Multiple Sclerosis: Demyelination Process

If you have observed a small child force a square peg through a circular hole, then you can understand multiple sclerosis and the process of demyelination. With that being said, pervasive toxins are a little more elegant in their efficiency. The molecules in pesticides are so tiny they can travel in our blood stream, masquerading as something our body requires and end up dissolving into the fatty tissue of our brain. This process is widely known within scientific community as enzyme mimicry.

Looking at the cables in image to the left, can you see a difference? Both have a core, a sheath wrapped around that core, and both conduct electrical impulses allowing two-way communication. What they also have in common, is that when they are damaged, signal loss occurs. Of course, everyone knows the cable on the left attaches to your modem. So, what of this cable on the right? The cable on the right is the cable inside your brain. It is called an axon. The coil wrapped around the axon, is a fatty tissue called myelin sheath. Myelin is made up of 20% protein and 80% lipid. Lipid is just a fancy word for fat. Essentially, myelin is the fat wrapped around the cables in your brain.

The purpose of the myelin sheath is to insulate the axon and conduct an electrical impulse controlling your motor skills. The myelin sheath allows this because it is a fatty gelatin like tissue which contains ion channels that help guide the signal. When lipid soluble toxins found in pesticides come in contact with myelin, they dissolve, scar tissue will form, and the signal can no longer pass through. If you are an electrician, you may be interested to know that the signal hops between the gaps. It is similar to arcing.

In the image to the right, we see two axon terminals with a computer cable in between. It is this exact point, where neurological disorder occurs. Notice the circles inside the axons that look like faces. Think of them as a cartridge holding neurotransmitters. A neurotransmitter is just a chemical that transmits a signal. When they shoot out of the terminal they explode, and the little particles fall onto the receptor. This is known as a chemical synapse. Once toxins reach this point, they can inhibit the receptor blocking the synapse, interrupting the transmission of the neurotransmitter.  This is not where demyelination occurs though. The process will take place before this point. Pervasive toxins have the ability to pass through the walls of the axon before they reach the receptor, and dissolve into the myelin sheath. Over time, as this process continues, lacerations (tiny cuts) will occur, and scar tissue will form as the body attempts to heal the wound. This is the condition known as multiple sclerosis.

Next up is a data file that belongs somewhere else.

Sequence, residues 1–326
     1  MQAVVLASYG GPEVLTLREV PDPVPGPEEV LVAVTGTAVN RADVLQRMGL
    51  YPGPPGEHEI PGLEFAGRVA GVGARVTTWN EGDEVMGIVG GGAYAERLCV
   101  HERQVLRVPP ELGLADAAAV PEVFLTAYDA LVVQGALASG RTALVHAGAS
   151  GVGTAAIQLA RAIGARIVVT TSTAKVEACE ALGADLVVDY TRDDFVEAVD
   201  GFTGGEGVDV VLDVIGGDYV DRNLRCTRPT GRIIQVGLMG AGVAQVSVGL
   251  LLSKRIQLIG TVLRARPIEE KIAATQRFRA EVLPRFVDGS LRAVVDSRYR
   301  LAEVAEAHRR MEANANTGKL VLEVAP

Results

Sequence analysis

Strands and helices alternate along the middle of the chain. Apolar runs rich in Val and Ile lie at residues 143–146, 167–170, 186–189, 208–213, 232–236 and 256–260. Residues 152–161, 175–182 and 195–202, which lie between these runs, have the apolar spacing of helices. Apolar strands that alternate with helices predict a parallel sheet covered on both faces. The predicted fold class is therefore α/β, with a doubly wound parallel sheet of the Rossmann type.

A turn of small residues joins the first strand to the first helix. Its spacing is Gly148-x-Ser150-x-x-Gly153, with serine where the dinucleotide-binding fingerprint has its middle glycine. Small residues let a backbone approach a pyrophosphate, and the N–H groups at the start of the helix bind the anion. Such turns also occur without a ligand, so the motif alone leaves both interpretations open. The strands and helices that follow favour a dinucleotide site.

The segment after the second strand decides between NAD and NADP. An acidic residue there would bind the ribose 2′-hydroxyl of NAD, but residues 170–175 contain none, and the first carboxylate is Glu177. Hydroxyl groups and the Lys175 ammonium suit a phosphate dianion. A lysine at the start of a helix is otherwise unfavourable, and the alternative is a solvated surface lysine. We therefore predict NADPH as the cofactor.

Finally, in this image, we can see a healthy nerve vs. a damaged nerve. If you observe the damaged nerve, the myelin sheath is scarred, and the red arrow representing the signal cannot pass through. This is what is happening to someone with multiple sclerosis. In summary, your brain is nothing more than a computer, an organic one at that. If you wish, think of a chemical synapse as the software for your brain, designed for memory and thought. Think of the electrical synapse for hardware, controlling arm movement, legs and such. Progression of scarred myelin will lead to paralysis as the line of communication is cut. Unfortunately the damage is irreversible as humans prove incapable of repair.

One response to “Multiple Sclerosis: Demyelination Process

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